“In Search of Lost Time,” or, My Netflix Queue is Longer Than Yours
I’ve always considered Revolutionary Road the sequel to Titanic — where the young couple, escaping death, go on to get married and move to suburbia, only to find their own little patch of freezing water within. Every time Titanic is playing on TBS or AMC, I watch the entire thing (try heckling the frantic people at the end, feels aweome). I’ll watch any movie I don’t care. The greatest modern currency is time, and I’m a rich bastard. Back to Leo and Kate: Repetitive casting creates subliminal narratives, as the actors (as we know them) have as much to do with their characters as the characters themselves. Hollywood abridges the complexity of love into two categories: 1) The romantically ill-fated, and 2) the d-d-dumb. I’m not being a snob here, I actually enjoy these movies:
You see, Tom Hanks and Meg Ryan fall in love in Hawaii or something; then they break up and Tom moves to Seattle and Meg moves to New York City, and they meet again years later via late night talk radio; then Tom moves to New York and they start instant messaging each other using large bulky c. 2001 laptops. Then we go home and slowly hack out popcorn kernels from the backs of our throats.
Then Tom Hanks breaks up with Meg Ryan and hooks up with that girl from Amelie. She’s like “meet me in front of the Louvre,” (in French, duh) and he’s like “okay.” He was in France anyways, coming up from Normandy to save Jason Bourne. I guess I’m sort of meandering, and trying to make a point, which, I think, is that we are all sort of like Proust — slowly compiling our own massive epic using fragments of palpable experience and imagination. I guess maybe I’d want to use the word “postmodern,” but really, what the fuck is that? Now I know this HTMLGIANT crowd is all into high culture and maybe these movies are too mid-brow, so here’s a still from a Fellini film:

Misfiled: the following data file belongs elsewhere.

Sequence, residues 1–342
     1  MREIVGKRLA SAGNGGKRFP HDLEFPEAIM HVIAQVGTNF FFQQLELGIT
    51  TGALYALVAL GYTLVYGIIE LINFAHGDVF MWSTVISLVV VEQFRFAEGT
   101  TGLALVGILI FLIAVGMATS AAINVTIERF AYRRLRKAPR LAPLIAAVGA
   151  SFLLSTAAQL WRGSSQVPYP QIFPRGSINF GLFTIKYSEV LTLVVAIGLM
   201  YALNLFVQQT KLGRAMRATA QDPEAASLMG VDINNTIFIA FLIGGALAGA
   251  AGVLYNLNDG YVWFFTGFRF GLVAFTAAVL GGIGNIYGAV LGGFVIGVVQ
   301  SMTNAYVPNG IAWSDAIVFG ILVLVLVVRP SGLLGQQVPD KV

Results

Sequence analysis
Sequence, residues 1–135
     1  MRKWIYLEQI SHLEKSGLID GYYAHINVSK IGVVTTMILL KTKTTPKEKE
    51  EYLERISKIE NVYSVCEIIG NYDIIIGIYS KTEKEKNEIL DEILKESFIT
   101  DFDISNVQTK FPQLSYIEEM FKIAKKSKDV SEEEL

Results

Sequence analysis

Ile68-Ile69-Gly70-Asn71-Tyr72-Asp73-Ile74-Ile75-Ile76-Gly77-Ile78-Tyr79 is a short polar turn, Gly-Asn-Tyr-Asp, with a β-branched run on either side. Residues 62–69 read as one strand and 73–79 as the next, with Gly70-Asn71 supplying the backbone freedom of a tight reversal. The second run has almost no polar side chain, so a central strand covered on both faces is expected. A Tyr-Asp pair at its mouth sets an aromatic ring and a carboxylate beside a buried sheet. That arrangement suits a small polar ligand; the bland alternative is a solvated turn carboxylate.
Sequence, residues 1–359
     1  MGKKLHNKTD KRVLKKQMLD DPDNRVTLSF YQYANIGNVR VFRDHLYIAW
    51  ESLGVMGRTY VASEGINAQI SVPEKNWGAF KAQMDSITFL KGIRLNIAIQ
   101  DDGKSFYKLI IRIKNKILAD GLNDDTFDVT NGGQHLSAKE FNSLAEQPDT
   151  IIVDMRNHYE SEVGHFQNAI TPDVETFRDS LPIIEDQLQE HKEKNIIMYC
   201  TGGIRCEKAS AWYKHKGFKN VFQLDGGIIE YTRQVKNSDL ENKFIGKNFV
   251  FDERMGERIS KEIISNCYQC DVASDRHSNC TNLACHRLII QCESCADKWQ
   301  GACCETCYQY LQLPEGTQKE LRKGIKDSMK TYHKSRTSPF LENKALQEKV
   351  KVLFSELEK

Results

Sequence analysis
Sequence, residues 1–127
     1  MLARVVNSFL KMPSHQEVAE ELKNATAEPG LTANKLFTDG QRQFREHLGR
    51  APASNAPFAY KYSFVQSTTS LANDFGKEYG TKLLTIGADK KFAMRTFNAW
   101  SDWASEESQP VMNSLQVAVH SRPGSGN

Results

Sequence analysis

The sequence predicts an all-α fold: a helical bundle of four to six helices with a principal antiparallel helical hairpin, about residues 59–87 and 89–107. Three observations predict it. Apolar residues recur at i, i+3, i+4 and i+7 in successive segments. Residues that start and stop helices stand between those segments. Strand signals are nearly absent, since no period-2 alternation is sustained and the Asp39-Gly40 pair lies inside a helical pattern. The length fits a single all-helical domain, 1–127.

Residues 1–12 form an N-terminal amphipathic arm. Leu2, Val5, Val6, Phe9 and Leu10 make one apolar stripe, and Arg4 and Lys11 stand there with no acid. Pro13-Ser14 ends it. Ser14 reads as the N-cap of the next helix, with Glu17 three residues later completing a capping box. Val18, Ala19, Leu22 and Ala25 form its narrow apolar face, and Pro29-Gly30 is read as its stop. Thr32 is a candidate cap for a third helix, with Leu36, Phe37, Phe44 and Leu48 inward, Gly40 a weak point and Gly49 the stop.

Which makes me think “weirdos doing weird shit on the beach,” and I immediate think of the “Give It Away Now” video by the Red Hot Chili Peppers. Other “weird shit on the beach” is, of course, that famous scene in The Stranger, which inspired The Cure’s “Killing an Arab,” whose lyrics lend themselves to their compilation album Standing on a Beach.
So now I wanna look into the guy on the cover’s eyes and see someone I know — to continue this saga in my mind. (These ideas, by the way, take from Lawrence Weschler’s ever-optimistic idea that culture and aesthetics are connected, either subliminally or by some other force, all eloquently conveyed in Everything that Rises: A Book of Convergences [McSweeney’s, 2006].)
I kind of see a Johnny Cash- or Iggy Pop-type “crazy” person with a touch of Tommy Lee Jones. Now I’m just waiting for Tommy Lee Jones to play Camus in some biography then I’m set. Or wait, what about just Tommy Lee? That would rock. Is it necessary to write “Mayhem” on one’s abdomen? Does diarrhea need a description? And check out that Hindu/Buddhist tattoo under his navel. Is he making some kind of point? Nah, it’s probably nothin’.